The above is from another thread at TFL forum. This is from a dredged up ancient thread about a year old that some one felt obiliged to add their 2 cents worth to. Why after almost a year the advice was tacked on we can only guess at.

The OP had or would have made his choice long before that. Nor did he say which way he did choose. We wish him the best on which ever choice he made.

The same thing happened there as here.Those who had little or no direct experience with the product were either saying something else was superior when that was not the proven case. No hard data don't you know. Or the "anointed ones" who feel they are superior to everyone were to take their word as gospel over the owners who actually used the product and it ws found satisfactory by the msjority of users.

Rossi builds good ones,too. Their users have the actual experience with the guns. No one else does.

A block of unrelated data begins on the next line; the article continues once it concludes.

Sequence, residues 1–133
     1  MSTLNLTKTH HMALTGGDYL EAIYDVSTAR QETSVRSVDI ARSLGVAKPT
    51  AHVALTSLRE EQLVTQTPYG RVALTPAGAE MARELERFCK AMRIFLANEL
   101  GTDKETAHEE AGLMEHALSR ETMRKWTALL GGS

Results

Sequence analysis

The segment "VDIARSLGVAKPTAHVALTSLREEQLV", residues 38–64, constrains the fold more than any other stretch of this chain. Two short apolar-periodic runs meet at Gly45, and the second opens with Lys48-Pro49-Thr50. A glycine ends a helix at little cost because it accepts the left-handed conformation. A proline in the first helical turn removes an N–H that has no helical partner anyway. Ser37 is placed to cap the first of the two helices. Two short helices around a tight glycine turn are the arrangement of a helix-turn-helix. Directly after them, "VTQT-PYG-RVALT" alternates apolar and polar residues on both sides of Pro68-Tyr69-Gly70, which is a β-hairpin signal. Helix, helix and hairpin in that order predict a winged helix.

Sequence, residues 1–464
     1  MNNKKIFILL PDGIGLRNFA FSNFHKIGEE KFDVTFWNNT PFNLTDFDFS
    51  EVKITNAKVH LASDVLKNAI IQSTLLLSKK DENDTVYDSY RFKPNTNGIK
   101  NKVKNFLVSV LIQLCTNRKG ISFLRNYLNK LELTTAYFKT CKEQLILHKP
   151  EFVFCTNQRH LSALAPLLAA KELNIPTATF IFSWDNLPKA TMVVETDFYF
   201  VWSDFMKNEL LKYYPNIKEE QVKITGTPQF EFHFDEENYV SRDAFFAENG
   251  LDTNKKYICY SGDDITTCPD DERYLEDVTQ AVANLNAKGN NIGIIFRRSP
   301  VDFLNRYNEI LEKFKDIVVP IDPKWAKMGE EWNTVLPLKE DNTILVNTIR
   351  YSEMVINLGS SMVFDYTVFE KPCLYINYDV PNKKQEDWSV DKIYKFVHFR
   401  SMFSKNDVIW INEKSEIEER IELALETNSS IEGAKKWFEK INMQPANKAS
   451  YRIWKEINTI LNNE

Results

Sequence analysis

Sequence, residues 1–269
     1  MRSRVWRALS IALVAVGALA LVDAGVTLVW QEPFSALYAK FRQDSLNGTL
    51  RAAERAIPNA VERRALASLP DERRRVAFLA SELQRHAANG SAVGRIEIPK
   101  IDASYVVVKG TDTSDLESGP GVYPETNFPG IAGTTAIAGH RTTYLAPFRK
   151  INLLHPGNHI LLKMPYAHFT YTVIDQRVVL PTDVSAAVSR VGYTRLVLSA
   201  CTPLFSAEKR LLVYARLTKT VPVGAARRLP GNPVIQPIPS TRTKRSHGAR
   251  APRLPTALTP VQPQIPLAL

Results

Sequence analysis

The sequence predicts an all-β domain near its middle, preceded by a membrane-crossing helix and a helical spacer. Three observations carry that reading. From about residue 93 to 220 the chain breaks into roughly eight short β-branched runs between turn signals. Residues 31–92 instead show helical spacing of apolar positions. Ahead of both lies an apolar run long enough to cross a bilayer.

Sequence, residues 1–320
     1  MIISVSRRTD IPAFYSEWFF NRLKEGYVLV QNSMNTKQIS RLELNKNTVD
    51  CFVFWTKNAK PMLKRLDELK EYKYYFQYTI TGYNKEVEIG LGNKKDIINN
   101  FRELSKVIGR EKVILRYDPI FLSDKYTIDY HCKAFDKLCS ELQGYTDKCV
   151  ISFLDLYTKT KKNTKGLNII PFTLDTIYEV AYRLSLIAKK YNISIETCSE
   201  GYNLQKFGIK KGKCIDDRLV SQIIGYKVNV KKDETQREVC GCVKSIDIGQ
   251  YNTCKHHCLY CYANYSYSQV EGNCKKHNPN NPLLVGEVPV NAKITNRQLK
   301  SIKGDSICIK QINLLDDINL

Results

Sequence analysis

So look all the evidence over that is put forth and then decide wisely.

What ever fiits you and your needs better is the one to pick.

Virginian
August 23, 2009, 01:05 AM
If you can find a Rossi Model 68 in .38 Spl. for around $200 I would say that is a better deal than either of the other two. Best revolver Rossi ever made.

swampboy
August 25, 2009, 05:29 PM
If you can find a Rossi Model 68 in .38 Spl. for around $200 I would say that is a better deal than either of the other two. Best revolver Rossi ever made.

I've got a model 68 that I bought new back in the mid-80's. It hasn't been shot TOO much, but it's a nice, tight little gun with excellent fit and finish. Not rated for +P though.

wvshooter
August 25, 2009, 09:17 PM